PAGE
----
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Henri IV - An unfinished reign

Fontainebleau

The Louvre, though essential, was impractical, and Henri IV quickly made the Chateau de Fontainebleau his preferred residence. His Valois predecessors, from François I to Charles IX , had also made it their habitation of choice outside of Paris. In addition to the chateau's relative isolation – the distance between Fontainebleau and Paris kept the curious at bay but put the capital within reach in case of emergency – Henri IV liked the chateau because of its proximity to nature. Surrounded by gardens where the king could wander to his heart's content, it was also next to a forest teeming with game. This was a place he knew well, as he had spent time there as a child, before leaving on the royal Tour de France in 1564.

Just as Louis XIV would do to Versailles, Henri IV quickly transformed Fontainebleau into a massive worksite, employing architects, artists and macons for years on end. And, like Versailles would later become, Fontainebleau was both a capital and a residence – the home of the new House of Bourbon and the birthplace of most of the king's children, the future Louis XIII first among them.

From an architectural standpoint, although Henri IV respected the various changes introduced by his predecessors, he very much put his own stamp upon the place via his architects Louis Métezeau and Androuet du Cerceau . Three new galleries (the Galerie de la Volière, Galerie des Chevreuils, and the Galerie de la Reine [or de Diane]) were constructed, enclosing the queen's garden. In 1601, Henri IV had a monumental royal tennis court (jeu de paumes) built at the northeast corner of the Cour du Cheval-Blanc. Finally, between 1606 and 1609, the king constructed the large-scale Cour des Offices, flanked by massive and sober pavilions made of sandstone, plaster-covered stone and brick.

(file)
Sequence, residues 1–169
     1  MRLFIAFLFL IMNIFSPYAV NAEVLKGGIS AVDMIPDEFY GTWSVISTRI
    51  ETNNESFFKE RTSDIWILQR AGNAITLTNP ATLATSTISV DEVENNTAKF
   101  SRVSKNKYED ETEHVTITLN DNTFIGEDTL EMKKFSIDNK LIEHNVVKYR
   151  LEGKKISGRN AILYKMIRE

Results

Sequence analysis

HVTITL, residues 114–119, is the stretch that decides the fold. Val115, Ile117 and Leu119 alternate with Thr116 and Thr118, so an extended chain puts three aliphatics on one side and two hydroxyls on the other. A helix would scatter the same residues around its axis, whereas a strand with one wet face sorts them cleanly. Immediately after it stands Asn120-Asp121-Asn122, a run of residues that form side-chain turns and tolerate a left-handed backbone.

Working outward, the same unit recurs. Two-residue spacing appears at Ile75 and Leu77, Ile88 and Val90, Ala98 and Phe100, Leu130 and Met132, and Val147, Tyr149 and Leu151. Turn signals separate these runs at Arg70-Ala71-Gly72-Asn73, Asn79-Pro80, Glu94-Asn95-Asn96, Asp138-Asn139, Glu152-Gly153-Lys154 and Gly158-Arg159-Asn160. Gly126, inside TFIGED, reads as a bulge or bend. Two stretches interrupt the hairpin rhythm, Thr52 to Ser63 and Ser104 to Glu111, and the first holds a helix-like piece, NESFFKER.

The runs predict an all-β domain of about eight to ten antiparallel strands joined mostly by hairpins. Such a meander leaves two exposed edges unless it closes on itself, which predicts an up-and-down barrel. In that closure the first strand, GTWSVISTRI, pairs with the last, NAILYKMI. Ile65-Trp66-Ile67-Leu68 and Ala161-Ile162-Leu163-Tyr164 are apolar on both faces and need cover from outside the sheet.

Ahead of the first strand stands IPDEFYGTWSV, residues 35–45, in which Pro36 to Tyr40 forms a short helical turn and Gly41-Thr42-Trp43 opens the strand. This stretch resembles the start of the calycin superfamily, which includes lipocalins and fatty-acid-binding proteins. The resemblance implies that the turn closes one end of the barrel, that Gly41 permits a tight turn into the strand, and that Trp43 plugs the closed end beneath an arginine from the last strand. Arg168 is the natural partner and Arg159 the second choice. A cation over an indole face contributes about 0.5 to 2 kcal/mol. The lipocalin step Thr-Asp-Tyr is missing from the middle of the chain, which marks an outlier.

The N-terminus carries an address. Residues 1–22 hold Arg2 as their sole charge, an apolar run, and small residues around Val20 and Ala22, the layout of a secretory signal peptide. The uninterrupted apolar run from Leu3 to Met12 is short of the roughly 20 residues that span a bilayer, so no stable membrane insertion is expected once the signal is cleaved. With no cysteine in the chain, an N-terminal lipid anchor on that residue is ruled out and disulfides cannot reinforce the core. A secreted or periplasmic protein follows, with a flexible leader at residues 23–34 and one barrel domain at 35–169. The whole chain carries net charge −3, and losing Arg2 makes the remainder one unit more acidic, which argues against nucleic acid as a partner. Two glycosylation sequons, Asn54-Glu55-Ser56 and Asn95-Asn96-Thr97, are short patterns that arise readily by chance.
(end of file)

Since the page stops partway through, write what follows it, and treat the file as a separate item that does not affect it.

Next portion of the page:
As important as these architectural transformations were, they were less spectacular than the changes made to the chateau's gardens. Special attention was also paid to the chateau's interior decoration, so much so that, given the large number of artists who took part, one can speak of a " école de Fontainebleau".

Related multimedia

Title: General view of the chateau de Fontainebleau

General view of the chateau de Fontainebleau
© BnF
Caption:
General view of the chateau de Fontainebleau, engraving by Michel Lasne after a drawing by Alexandre Francine from 1614. Published in Trésor des merveilles de la maison royale de Fontainebleau by R.P.F. Pierre Dan. Département des estampes et de la photographie de la Bibliothèque nationale de France

Title: Portrait of the royal house of "Fontaine belleau"

The chateau de Fontainebleau, engraving
© Musée national du château de Pau / Jean-Yves Chermeux
Caption:
Portrait of the royal house of "Fontaine belleau", perspective drawing, coloured etching. Musée national du château de Pau, P. 1850

Title: Two side elevations of the chateau de Fontainebleau

Two side elevations of the chateau de Fontainebleau
© Archives nationales
Caption: